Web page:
(Pictured: Winterkill on fairways at Southview CC)
A thick layer of ice that encased many courses in December, followed by extended cold well into the start of spring, has left properties scrambling to try to get newly seeded turf to germinate. “The damage out there is so vast,” said one Superintendent with 40 years of experience. “I’ve never come close to seeing this before. It just took it all out—tees, greens, fairways.”
A “perfect storm” that swept through Minnesota this past winter has resulted in major problems for golf courses across the metropolitan Minneapolis-St. Paul area this spring, the Twin Cities Pioneer Press reported.
“Winterkill” has torched certain types of grass, the Pioneer Press reported, rendering some areas of golf courses unplayable.
“I look at the damage out there and it’s so vast. I’ve been in this business 40 years, and I’ve never come close to seeing this before,” said John McCarthy, Superintendent of Loggers Trail Golf Course in Stillwater, Minn. “It just took it all out—tees, greens, fairways.”
McCarthy was worried about how his course would hold up in the dead of winter, when greens were exposed to negative 60-degree wind chills, the Pioneer Press reported. But, surprisingly, that wasn’t the main issue. The real problems occurred in December, when four inches of built-up snow melted in the middle of the month. Then, late in the month, a couple inches of rain fell, and that moisture froze over.
“It caused a rather thick layer of ice to form, and it actually encased many golf courses, even on hillsides,” said Paul Diegnau, Superintendent of Keller Golf Course in Maplewood, Minn. “I’ve never seen anything like it.”
Golf course superintendents in the area would prefer to see consistency throughout Minnesota’s winters, the Pioneer Press reported. Having a foot of snow all winter that doesn’t go anywhere isn’t a problem, but the constant fluctuation of temperatures and precipitation causes freezing that can damage courses.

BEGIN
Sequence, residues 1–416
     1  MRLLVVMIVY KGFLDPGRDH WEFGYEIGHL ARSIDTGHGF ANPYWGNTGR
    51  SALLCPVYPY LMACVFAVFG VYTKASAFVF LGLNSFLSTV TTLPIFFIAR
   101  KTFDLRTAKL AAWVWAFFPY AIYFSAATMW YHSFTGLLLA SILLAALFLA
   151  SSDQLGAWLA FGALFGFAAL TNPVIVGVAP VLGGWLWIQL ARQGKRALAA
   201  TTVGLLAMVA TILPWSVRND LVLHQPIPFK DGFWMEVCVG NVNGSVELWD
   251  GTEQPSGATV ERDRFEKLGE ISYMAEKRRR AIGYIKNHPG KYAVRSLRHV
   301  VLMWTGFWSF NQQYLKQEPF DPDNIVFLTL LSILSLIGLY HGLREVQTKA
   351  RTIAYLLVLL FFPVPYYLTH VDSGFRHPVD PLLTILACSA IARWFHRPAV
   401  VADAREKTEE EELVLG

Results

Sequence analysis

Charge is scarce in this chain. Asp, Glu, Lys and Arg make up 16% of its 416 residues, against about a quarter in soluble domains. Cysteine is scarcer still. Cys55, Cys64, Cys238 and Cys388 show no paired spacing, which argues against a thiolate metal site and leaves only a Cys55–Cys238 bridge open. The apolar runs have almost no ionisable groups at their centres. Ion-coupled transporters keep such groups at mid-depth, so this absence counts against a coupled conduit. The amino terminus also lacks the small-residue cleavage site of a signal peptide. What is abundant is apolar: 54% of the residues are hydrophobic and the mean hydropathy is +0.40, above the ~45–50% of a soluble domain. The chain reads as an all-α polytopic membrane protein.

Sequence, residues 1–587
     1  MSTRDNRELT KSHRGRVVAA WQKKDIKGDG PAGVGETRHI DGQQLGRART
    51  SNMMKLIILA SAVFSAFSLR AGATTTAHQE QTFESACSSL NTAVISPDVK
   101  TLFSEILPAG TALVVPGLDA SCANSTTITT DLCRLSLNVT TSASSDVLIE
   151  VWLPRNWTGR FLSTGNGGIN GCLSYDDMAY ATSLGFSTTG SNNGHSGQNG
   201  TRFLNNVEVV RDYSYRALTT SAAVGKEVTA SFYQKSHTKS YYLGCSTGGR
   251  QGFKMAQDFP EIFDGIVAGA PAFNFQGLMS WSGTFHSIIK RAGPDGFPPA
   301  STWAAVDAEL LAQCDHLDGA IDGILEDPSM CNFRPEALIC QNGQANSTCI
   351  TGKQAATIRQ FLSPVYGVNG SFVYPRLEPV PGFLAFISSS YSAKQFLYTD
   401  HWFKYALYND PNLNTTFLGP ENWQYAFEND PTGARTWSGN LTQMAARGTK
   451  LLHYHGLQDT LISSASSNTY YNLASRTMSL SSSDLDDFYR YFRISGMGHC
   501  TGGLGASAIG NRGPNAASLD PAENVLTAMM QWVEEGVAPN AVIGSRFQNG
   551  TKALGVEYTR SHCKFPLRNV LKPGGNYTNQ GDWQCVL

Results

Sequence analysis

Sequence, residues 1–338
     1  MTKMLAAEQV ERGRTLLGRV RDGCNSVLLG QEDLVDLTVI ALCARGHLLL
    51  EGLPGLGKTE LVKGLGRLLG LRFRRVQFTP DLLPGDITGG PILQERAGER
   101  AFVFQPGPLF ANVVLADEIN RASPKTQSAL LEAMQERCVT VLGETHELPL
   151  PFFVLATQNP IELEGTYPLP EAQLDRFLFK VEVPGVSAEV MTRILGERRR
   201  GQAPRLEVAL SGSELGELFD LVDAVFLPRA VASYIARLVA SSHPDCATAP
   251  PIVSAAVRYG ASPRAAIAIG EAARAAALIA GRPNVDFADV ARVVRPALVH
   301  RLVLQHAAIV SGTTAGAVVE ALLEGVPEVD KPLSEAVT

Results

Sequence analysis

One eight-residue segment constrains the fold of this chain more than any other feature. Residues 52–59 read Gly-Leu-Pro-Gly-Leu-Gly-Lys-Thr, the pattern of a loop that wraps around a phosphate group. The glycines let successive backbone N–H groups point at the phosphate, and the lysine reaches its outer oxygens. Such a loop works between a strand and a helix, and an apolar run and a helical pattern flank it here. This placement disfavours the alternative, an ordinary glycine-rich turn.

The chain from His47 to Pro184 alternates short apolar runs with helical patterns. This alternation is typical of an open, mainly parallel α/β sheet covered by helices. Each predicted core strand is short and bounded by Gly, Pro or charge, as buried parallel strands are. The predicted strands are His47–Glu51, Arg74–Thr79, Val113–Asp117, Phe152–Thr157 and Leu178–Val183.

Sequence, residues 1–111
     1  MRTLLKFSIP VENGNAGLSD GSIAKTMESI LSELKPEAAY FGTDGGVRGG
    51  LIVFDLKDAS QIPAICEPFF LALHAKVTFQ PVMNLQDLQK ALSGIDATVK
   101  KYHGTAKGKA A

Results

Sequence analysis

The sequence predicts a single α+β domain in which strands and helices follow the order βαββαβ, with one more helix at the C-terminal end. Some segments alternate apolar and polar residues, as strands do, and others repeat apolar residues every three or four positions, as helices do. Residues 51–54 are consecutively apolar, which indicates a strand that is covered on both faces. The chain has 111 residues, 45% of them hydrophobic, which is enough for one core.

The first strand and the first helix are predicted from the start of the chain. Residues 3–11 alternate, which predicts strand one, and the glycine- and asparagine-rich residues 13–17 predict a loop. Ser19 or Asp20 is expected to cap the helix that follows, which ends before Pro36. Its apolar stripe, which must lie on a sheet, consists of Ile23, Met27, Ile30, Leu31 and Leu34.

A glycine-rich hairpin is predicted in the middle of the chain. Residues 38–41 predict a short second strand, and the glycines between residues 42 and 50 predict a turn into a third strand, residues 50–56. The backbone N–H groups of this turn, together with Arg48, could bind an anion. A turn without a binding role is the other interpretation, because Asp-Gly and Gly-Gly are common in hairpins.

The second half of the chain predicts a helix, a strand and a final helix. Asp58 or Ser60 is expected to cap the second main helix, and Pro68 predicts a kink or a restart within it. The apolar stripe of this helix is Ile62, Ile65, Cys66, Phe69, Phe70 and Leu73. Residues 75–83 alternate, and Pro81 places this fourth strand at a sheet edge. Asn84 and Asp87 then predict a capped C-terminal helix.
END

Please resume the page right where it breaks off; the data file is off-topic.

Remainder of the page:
“If you don’t have all the factors working against you [it’s OK], and that’s why it doesn’t happen very often, because a lot of times you’ll have, like, two factors but not three factors. You get lucky,” McCarthy said. “This year it was just an exact situation that caused it.”
The effect it had on area clubs has varied from course to course, the Pioneer Press reported. Hazeltine National in Chaska, Minn., which will host the Women’s PGA Championship next month, and TPC Twin Cities in Blaine, Minn., which will host the 3M Open in July, emerged from the winter largely unscathed. Some courses, such as Keller GC and Highland National in St. Paul, had spots of winterkill here and there in occasional fairways. Loggers Trail had parts of its tee boxes eaten up.
But other courses have experienced far more damage, the Pioneer Press reported. At the beginning of May, Southview Country Club in West St. Paul had just nine holes open from tee to green. And greens have been badly damaged at area courses such as North Oaks, White Bear Yacht Club, Golden Valley Country Club and Oak Ridge Country Club.